Tuesday, December 4, 2012

In which I file an Affidavit

I mentioned already that when you file a Statement of Claim, you put your whole case into one document, but when you file a Motion, there are three documents involved. The first two are the Notice of Motion and the Affidavit, which together are more or less the equivalent of the Statement of Claim, in that you are providing notice to the other side of the factual basis of your claim. Today we'll do a quick review of my Affidavit.

The basic template Form 4d from Queens Bench website. Paragraphs 1 and 2 are just the standard preamble. In paragraphs 3 through 6, I give the reasons for my motion; you can see I make a bit of an argument, even though in theory I'm supposed to be sticking strictly to facts. In any case, it's what I claim: that if allowed to attend each other's testimony, there is reasonable apprehension that they will tailor their evidence to harmonize with that of their co-defendants.

Then I have to list the documentary evidence I will be using to support my motion. In paragraphs 7, 8 and 9 I list three documents:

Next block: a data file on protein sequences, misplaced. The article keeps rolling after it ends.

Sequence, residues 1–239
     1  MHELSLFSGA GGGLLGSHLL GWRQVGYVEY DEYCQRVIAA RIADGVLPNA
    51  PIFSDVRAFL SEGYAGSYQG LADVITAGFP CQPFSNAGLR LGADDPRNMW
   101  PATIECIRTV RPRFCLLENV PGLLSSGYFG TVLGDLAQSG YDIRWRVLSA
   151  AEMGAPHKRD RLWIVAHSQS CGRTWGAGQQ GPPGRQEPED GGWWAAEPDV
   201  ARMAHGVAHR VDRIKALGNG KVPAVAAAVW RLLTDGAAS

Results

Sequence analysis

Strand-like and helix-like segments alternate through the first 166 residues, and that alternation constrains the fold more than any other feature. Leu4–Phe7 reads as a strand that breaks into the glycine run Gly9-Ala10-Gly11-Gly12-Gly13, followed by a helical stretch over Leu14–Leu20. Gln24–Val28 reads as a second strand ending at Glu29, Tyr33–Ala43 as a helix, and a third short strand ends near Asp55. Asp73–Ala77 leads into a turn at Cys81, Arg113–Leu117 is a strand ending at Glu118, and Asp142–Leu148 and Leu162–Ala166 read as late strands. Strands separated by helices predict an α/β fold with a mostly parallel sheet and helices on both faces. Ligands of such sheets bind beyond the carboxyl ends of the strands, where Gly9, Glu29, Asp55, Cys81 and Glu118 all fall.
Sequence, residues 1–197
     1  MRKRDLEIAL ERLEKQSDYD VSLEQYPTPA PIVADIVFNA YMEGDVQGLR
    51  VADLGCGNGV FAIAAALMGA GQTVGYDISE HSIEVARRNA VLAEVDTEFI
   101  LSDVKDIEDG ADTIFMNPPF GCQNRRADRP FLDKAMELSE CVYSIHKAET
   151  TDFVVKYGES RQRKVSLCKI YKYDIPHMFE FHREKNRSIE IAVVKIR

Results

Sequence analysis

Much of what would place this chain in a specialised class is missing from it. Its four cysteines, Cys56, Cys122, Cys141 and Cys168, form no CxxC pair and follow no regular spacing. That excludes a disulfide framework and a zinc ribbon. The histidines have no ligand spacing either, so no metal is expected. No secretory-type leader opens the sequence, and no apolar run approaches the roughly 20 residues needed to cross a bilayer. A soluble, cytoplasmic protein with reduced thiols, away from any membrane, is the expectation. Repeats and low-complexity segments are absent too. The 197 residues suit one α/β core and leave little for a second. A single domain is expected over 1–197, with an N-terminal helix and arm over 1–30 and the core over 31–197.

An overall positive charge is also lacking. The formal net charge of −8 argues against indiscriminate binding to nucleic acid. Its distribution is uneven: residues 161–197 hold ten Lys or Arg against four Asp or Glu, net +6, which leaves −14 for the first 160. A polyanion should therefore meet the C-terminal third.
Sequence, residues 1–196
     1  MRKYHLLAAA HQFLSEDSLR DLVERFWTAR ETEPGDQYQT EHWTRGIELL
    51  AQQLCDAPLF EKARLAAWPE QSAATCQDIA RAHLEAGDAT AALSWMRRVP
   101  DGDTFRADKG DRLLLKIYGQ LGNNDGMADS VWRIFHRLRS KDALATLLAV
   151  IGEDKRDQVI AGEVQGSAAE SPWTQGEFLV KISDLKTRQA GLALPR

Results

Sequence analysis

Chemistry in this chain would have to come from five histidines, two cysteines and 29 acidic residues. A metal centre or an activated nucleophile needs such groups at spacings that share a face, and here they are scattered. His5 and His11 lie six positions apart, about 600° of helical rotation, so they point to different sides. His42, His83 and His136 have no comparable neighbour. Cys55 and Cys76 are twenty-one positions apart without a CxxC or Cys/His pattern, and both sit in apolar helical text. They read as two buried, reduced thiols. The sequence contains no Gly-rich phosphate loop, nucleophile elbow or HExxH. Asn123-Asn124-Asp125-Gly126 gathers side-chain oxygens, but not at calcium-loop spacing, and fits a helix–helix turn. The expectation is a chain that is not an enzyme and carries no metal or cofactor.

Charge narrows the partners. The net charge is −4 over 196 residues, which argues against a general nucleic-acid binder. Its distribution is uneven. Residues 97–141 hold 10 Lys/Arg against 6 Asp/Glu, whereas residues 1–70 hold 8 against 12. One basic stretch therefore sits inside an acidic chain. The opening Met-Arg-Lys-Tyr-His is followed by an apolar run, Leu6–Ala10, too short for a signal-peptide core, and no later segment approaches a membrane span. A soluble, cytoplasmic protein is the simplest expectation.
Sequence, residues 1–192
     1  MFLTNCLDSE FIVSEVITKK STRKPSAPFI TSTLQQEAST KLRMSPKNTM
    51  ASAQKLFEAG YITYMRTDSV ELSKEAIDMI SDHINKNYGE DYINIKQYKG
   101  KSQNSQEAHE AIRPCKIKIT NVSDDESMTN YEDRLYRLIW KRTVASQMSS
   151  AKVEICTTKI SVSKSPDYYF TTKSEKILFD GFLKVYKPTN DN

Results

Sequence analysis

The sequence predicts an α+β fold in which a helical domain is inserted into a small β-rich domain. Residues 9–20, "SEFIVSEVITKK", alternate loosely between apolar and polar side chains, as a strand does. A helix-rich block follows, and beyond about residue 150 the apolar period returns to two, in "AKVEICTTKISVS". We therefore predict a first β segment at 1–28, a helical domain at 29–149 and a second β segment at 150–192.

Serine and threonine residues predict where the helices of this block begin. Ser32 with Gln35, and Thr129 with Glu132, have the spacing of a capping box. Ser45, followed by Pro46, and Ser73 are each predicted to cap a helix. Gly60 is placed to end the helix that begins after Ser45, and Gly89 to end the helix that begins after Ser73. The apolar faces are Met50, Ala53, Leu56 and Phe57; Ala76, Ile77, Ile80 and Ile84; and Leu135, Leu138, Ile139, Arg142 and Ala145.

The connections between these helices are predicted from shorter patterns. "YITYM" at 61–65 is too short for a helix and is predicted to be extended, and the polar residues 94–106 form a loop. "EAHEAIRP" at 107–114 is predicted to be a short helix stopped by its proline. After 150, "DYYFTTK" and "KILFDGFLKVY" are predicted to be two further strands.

1. The Registrar's Report of January 20th 2012 in which I am formally suspended. In this report he basically sets out the entire narrative, from the University's point of view, of why I was expelled. You can read it here.

2. The diary of Hiep Tram, the classroom teacher who put together an extremely prejudicial dossier against me.

3. The letter from the Prinicipal of Gordon Bell to the University, requesting that I be removed from the practicum.

Most of the contents of the latter two documents can be found in my Statement of Claim, where I list the defamatory statements for which I am seeking damages. In any case, in my Affidavit I am required to list all the documents I will be using when I argue my motion, and those documents were attached to the hard copy which I filed with the Court and distributed to opposing counsel.

Which brings us to the crux of the matter: my argument. The argument is laid out in my Brief, which you can also read online. When we return, I'll tell you more about my Brief.

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